The Scan

This Week in Nature

Nature reports on genetic discrimination, China's drug industry, histone methylation patterns, and more.

HHMI and JCB go head to head.

Wired ranks the "Best Dangerous Science Jobs."

A VentureBeat article says real personalized medicine won't be with us for a long time, but the early stages of the field took a tiny step forward with a new AIDS drug.

A new study finds a genetic variation linked to ADHD that also predicts which children will outgrow the disorder.

Keith Robison remembers the early days of restriction endonucleases.

Another cloning first: a fourth-generation cloned pig.

Personalized medicine? This article says so-called ethnic drugs don't treat based on true genetic variation among individuals.

Chris Mooney says preconceptions, not critical thinking, drives the Bush administration's stance on science.

A blogger asks for pictures of his readers' science-related tattoos.

Drug companies stand to gain by funding biomedical research.

A blogger links to a ballad on polony sequencing. Forgive us.

Jonathan Eisen blogs on why medical professionals should get more evolution education than most medical schools currently offer.

Scientists recovered 60-million-year-old microbes from an Antarctic glacier -- and woke them up.

Score one for subscription-based publications: this blog post details an open-access trial that didn't work out.

NSF looks set to award IBM a contract to build the world's fastest supercomputer.

Fred Sanger bequeaths his collection of lab notebooks to the Wellcome Trust to make them available to the public.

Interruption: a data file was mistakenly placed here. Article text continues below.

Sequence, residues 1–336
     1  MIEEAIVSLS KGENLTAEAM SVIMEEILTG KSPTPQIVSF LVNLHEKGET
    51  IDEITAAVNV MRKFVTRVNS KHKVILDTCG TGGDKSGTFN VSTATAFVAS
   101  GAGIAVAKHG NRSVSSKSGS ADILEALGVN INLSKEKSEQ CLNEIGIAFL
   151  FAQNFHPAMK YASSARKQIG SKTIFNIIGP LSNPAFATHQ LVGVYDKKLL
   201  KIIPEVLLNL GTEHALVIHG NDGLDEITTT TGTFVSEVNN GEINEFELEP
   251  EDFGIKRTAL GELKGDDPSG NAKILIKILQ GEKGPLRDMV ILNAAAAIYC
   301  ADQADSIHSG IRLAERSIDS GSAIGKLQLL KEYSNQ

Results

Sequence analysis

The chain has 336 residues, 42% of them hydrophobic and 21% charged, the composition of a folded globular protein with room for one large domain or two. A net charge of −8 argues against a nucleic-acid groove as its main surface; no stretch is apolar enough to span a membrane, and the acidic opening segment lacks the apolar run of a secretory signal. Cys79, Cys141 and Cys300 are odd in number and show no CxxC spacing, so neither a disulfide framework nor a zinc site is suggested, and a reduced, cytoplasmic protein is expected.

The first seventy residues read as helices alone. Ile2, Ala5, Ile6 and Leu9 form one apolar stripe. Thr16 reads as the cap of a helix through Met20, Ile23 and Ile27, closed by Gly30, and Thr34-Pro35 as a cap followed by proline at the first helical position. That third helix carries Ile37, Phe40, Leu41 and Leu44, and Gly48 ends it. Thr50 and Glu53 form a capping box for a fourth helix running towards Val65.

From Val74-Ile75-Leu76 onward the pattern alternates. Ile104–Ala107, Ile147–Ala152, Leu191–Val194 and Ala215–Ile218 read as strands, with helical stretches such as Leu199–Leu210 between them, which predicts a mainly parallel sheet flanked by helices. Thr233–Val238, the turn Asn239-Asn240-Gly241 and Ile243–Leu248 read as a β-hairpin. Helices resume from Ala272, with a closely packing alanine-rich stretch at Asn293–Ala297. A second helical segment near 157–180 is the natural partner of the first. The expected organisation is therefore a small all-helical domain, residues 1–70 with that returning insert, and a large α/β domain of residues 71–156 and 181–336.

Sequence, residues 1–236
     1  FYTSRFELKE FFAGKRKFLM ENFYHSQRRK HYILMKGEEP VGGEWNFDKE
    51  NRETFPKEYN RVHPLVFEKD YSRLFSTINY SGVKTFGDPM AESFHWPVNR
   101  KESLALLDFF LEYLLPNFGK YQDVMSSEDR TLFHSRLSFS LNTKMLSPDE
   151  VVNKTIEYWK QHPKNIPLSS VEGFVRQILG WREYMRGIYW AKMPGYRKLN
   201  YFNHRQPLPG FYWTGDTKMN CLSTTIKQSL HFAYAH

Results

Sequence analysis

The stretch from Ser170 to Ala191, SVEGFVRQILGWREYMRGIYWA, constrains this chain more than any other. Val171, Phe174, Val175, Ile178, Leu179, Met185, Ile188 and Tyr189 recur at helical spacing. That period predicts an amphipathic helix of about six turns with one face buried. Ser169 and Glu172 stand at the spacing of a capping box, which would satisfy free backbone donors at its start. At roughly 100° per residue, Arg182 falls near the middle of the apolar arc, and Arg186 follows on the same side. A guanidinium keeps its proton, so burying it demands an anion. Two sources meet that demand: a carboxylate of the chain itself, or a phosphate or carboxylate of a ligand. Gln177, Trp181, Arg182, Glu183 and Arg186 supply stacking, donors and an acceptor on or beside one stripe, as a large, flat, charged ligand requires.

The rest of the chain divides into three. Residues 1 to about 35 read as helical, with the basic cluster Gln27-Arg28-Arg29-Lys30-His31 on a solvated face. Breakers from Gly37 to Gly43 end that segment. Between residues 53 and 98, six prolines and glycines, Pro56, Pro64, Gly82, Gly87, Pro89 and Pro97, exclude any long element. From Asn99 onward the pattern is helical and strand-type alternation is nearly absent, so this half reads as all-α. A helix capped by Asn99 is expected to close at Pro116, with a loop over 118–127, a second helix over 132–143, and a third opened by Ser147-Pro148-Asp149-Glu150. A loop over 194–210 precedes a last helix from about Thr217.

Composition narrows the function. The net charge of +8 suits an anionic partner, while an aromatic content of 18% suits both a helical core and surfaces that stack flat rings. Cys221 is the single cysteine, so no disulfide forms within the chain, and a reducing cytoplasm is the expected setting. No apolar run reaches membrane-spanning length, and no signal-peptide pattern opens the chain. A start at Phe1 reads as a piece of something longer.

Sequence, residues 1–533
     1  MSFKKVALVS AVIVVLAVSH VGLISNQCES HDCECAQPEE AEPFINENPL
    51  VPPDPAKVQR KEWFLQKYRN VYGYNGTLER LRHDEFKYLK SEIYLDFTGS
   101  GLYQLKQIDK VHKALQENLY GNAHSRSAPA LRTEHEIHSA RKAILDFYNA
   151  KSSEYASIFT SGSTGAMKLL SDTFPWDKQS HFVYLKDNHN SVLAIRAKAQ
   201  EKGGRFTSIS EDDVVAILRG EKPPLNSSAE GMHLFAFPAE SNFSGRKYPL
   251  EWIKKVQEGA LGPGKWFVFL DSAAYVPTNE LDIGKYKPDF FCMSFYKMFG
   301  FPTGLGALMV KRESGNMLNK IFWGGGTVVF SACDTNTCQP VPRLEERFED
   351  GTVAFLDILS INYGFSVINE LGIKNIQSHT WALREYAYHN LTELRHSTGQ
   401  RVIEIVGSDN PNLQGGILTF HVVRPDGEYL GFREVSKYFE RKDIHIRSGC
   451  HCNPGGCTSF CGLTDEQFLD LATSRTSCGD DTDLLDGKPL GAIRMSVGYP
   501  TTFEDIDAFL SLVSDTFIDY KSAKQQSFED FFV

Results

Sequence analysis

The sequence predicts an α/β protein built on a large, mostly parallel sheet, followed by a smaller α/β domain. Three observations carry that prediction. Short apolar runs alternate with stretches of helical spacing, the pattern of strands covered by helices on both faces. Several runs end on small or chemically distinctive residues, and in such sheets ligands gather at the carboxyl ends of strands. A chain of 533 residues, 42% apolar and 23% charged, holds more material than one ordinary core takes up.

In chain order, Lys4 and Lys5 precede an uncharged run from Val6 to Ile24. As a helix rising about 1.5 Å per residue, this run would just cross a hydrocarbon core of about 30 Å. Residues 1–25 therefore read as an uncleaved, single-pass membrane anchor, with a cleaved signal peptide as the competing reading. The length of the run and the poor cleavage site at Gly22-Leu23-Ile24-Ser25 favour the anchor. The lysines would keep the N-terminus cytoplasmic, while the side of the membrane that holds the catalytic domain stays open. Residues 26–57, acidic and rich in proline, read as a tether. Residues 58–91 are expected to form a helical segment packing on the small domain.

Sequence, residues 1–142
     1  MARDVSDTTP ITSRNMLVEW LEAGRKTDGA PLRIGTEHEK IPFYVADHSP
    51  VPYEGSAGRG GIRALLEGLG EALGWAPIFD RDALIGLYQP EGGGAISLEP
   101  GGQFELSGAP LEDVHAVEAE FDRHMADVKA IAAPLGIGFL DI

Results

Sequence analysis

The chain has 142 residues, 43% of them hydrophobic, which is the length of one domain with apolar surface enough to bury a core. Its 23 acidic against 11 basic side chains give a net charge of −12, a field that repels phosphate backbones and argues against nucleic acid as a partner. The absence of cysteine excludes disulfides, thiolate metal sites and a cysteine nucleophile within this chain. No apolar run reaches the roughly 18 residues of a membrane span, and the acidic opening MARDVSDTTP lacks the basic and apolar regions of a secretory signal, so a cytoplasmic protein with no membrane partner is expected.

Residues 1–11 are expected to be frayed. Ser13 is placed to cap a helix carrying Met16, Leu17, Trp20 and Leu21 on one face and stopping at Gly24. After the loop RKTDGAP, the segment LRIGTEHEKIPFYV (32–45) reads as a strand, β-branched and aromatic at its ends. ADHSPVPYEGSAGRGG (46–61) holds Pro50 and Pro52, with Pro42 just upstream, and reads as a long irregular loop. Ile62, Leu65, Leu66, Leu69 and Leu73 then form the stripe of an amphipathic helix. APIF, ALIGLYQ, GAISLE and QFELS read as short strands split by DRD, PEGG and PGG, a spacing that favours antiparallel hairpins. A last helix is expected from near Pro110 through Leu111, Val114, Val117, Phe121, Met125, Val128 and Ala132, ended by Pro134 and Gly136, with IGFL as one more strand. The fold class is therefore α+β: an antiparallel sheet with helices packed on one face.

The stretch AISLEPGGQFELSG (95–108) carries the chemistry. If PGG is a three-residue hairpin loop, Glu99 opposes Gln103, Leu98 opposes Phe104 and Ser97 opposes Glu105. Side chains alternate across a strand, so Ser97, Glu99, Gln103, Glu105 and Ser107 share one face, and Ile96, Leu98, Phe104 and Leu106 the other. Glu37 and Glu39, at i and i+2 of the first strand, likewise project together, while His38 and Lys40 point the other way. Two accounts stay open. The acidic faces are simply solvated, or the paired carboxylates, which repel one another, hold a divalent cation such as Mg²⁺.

Despite great funding, an embryonic stem-cell research program in California is having trouble finding a president.

Disgraced stem cell scientist didn't realize he'd made parthenogenic stem cells.

The NIH asks for ideas about peer review.

This Week in Science

Today's Science reports on immunology, patient identifiability in genomic research, synthetic biology, and more.

Creationists and engineers do virtual battle...again.

A computer program from UVA aims to predict which cancer drug is best for each patient.

A blogger says the antiquated way that authorship order is decided for publications has to go.

A new application can browse the genome in interactive real-time.

Pages

An analysis appearing in PeerJ finds that social media mentions of a paper may lead to increased citations.

NIH's Michael Lauer looks at the number of grants, their amount, and funding success rates at the agency for last year.

At Nature, Johns Hopkins' Gundula Bosch describes her graduate program that aims to get doctoral students thinking about the big picture.

Patricia Fara writes about childcare funding, and women in science and science history at NPR.